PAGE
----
I.— At The Camp.
'IS she sitting in the meadow
Where the brook leaps to the mill,
Leaning low against the poplar,
Dreamily and still?
Now, with joined hands, grave, now smiling,
Gathering now and then
From her lap her woodland darlings,
Pale sweet cyclamen?
Sitting as she sat that evening,
Trying to feel that sweet same
Who was waiting me and knew not,
Feel as when I came?
Feel again the strange shy newness,
The betrothing one first kiss?
Oh, my own, you are remembering
In an hour like this.'
II.— In The Meadow.
'HERE, here it was he made me promise him;
He stood beneath that branch; here was his seat,
Just where the bole's shade makes the sunlights dim,
Beside me, at my feet.
Ah, since, so many times we have sat here:
And who can tell when that shall be again?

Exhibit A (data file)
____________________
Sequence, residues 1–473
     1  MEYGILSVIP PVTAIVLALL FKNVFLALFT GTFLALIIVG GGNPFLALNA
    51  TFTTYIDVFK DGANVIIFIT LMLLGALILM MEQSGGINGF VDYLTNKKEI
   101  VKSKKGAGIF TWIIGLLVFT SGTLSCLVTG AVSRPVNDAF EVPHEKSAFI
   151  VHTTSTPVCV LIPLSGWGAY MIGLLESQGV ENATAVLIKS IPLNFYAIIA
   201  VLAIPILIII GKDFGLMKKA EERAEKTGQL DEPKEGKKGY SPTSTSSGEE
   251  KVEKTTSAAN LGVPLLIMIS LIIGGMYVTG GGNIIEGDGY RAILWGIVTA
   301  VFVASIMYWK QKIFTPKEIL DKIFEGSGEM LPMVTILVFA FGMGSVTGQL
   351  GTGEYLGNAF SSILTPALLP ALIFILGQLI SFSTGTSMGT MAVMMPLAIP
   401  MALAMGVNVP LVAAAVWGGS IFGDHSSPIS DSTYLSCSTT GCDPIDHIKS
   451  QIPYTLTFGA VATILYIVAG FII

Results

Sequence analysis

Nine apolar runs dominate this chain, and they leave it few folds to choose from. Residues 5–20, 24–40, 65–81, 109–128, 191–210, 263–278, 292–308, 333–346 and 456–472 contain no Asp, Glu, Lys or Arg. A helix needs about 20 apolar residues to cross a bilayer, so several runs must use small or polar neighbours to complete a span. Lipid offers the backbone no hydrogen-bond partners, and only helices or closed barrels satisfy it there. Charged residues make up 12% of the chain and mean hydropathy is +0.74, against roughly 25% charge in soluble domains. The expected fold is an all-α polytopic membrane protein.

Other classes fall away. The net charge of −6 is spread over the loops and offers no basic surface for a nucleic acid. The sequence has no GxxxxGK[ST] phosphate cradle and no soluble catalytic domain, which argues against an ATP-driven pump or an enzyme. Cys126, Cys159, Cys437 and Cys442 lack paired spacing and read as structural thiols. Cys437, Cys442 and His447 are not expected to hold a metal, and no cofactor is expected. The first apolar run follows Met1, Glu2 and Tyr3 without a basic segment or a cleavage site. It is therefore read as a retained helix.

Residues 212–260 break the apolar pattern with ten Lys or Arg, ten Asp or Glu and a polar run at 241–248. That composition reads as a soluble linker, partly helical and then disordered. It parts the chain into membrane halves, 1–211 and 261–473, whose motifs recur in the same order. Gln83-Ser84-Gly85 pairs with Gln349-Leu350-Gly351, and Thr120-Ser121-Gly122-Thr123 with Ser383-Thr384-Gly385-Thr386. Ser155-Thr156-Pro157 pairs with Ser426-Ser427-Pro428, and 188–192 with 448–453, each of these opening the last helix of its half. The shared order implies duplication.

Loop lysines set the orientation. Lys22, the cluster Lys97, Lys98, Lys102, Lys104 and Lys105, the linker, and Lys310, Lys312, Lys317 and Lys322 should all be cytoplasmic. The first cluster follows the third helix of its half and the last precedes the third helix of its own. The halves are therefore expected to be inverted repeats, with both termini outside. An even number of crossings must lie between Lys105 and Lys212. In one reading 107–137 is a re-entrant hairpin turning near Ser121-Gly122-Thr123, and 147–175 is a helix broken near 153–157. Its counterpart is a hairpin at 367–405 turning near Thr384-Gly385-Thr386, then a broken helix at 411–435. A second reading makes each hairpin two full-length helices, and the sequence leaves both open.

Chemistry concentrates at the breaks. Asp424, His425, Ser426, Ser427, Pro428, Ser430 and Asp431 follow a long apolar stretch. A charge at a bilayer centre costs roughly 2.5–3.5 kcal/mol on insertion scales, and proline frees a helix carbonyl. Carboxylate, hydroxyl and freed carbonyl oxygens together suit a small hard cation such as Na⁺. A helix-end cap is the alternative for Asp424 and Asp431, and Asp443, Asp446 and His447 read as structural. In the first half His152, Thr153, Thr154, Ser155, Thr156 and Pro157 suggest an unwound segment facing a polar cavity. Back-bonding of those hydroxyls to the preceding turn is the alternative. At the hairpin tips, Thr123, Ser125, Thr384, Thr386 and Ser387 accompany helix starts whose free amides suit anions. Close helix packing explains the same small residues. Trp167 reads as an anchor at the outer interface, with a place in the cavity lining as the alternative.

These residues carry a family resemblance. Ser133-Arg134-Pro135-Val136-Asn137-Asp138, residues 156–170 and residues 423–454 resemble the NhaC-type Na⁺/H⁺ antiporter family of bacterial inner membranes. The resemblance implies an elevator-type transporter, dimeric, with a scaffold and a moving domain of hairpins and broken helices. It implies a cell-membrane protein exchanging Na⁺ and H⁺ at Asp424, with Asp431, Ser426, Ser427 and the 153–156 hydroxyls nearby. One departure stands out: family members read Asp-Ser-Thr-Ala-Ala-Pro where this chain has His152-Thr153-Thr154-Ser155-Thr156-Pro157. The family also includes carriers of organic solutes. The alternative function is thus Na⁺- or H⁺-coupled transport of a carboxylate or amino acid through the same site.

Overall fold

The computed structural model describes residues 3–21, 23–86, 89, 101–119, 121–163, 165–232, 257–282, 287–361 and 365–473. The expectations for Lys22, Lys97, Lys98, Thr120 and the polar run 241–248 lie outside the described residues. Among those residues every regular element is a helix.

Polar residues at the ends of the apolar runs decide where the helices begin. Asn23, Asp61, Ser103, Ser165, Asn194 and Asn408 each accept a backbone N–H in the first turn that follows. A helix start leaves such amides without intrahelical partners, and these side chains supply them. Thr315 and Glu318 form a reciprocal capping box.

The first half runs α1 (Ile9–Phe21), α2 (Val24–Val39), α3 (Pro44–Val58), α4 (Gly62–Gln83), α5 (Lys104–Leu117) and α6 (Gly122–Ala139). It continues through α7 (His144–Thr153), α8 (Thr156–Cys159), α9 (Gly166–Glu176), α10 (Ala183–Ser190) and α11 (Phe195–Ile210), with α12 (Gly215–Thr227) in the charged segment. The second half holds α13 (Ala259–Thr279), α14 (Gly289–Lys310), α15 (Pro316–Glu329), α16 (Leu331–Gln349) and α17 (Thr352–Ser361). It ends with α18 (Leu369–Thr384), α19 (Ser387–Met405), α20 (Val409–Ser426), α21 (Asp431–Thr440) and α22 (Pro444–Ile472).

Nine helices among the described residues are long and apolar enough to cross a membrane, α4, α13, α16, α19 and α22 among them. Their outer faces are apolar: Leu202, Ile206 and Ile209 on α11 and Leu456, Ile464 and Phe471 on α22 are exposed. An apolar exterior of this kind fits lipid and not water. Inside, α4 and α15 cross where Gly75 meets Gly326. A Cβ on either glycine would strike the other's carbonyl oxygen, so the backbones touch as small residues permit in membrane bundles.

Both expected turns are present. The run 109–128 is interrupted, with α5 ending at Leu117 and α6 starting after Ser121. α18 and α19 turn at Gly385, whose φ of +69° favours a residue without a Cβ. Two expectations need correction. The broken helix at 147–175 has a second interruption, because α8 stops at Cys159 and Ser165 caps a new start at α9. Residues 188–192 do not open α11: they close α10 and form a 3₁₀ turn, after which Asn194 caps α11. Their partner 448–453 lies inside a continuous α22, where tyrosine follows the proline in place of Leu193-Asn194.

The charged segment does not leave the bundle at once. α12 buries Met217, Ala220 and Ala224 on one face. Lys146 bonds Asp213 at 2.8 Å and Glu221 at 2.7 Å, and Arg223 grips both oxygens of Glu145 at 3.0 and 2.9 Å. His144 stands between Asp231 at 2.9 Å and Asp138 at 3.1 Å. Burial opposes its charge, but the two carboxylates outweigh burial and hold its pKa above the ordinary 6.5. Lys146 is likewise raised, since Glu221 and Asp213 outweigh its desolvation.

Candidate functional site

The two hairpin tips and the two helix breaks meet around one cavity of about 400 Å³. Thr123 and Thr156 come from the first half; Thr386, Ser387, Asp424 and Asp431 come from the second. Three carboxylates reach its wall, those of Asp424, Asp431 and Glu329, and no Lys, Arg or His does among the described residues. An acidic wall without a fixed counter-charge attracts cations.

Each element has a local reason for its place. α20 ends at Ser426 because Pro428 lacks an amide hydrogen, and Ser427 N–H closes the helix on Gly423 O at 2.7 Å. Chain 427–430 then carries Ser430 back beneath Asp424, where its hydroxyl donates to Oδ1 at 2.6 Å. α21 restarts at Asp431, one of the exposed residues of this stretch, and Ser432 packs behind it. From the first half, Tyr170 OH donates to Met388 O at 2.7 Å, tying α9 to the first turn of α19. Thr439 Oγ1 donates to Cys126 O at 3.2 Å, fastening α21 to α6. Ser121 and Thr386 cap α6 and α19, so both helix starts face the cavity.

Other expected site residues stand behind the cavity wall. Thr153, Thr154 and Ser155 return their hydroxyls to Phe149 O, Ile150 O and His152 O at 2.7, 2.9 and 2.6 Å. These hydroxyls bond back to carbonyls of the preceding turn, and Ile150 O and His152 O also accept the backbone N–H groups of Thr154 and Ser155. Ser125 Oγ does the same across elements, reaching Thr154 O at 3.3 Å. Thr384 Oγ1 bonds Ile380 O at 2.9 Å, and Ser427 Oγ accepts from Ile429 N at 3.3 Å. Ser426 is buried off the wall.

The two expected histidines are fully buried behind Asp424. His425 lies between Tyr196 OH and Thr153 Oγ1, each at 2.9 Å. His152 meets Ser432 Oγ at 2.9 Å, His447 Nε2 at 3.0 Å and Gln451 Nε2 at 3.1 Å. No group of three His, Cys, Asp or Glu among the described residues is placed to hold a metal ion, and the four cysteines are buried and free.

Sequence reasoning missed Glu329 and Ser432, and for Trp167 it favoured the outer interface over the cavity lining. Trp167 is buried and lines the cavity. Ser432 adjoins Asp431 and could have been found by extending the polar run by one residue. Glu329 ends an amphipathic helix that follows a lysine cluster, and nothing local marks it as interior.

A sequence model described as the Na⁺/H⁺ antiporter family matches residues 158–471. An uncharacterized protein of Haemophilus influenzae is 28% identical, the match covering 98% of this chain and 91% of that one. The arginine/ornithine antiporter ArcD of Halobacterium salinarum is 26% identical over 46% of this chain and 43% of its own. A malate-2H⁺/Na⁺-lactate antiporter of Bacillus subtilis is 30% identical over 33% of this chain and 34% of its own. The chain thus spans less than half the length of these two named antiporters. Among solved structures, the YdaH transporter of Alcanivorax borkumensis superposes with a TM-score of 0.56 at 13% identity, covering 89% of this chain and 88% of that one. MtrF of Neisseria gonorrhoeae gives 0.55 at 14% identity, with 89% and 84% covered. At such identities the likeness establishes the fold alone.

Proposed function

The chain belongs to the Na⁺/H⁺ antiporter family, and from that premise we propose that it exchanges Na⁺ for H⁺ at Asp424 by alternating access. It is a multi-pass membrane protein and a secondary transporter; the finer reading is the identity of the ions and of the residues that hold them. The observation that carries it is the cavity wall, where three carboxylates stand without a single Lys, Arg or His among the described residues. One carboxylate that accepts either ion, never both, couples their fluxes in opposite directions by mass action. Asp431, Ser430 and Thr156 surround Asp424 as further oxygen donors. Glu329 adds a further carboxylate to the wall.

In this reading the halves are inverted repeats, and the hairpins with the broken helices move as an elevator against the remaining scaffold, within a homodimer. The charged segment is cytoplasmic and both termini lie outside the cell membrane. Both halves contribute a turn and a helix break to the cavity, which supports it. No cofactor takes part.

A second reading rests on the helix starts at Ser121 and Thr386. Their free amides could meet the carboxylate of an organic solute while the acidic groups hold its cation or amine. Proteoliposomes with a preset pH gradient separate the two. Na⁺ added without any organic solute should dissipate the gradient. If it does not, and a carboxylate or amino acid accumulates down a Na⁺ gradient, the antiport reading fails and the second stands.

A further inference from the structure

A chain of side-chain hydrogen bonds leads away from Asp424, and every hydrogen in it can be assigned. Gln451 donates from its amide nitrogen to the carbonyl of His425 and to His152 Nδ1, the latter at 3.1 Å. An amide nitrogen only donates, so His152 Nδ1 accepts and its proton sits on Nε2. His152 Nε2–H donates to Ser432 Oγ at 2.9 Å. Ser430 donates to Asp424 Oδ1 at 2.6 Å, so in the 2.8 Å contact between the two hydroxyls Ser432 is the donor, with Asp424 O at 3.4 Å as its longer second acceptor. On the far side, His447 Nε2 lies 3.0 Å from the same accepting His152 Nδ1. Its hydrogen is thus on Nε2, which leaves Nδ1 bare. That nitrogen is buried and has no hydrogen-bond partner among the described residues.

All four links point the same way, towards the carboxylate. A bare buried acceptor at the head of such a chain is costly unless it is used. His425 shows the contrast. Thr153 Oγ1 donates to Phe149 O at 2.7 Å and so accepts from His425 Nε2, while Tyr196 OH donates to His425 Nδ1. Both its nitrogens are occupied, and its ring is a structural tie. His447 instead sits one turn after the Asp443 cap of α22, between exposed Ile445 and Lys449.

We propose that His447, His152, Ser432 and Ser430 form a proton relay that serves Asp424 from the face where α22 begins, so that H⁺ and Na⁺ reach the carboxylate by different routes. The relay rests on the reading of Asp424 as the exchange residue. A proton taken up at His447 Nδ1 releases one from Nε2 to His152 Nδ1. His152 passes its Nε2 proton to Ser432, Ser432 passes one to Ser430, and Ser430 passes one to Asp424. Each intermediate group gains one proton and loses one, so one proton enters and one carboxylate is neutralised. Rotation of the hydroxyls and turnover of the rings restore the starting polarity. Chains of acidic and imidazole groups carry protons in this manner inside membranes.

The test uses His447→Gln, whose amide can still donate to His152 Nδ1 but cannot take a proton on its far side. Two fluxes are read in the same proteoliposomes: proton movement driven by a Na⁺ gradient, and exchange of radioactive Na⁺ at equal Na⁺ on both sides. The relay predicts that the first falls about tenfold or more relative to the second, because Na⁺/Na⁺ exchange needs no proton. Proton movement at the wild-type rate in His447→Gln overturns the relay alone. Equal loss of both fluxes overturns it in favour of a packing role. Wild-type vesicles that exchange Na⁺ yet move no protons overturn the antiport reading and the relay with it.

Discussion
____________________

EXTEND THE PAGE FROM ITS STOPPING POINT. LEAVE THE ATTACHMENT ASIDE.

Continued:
My love! my love!—But what have I to fear?
Could prayers like mine be vain?
He will not fall, my hero; he will come
Bringing ripe honours more to honour me;
He will come scatheless back, and tell his home
He helped to keep it free.
Oh, love! I was so proud of you before,
How can I be so much much prouder now?
And how can I grow prouder more and more?
Ah! but my heart knows how.'
III.— From A Special Correspondent's Letter.
'AND still no news to matter. Fights each day;
Hundreds of killed and wounded; but we wait
This great impending battle which, they say,
Will be more terrible even than the late.
It must come soon: to-morrow it might be.
Now, since I can tell nothing, let me give
An incident, merely to make you see
How near to death all of us here must live.
This morning, on my chosen slope, from whence
My watch, I thought, was safe, I chanced to see
A young and stalwart captain leap a fence
To pluck a cyclamen, not far from me,
Which made me note his face: this afternoon
On that same slope I saw his body lie
Among a dozen. Well, you may look soon
For tidings of some moment. Now, good-bye.'
This poem has not been translated into any other language yet.I would like to translate this poem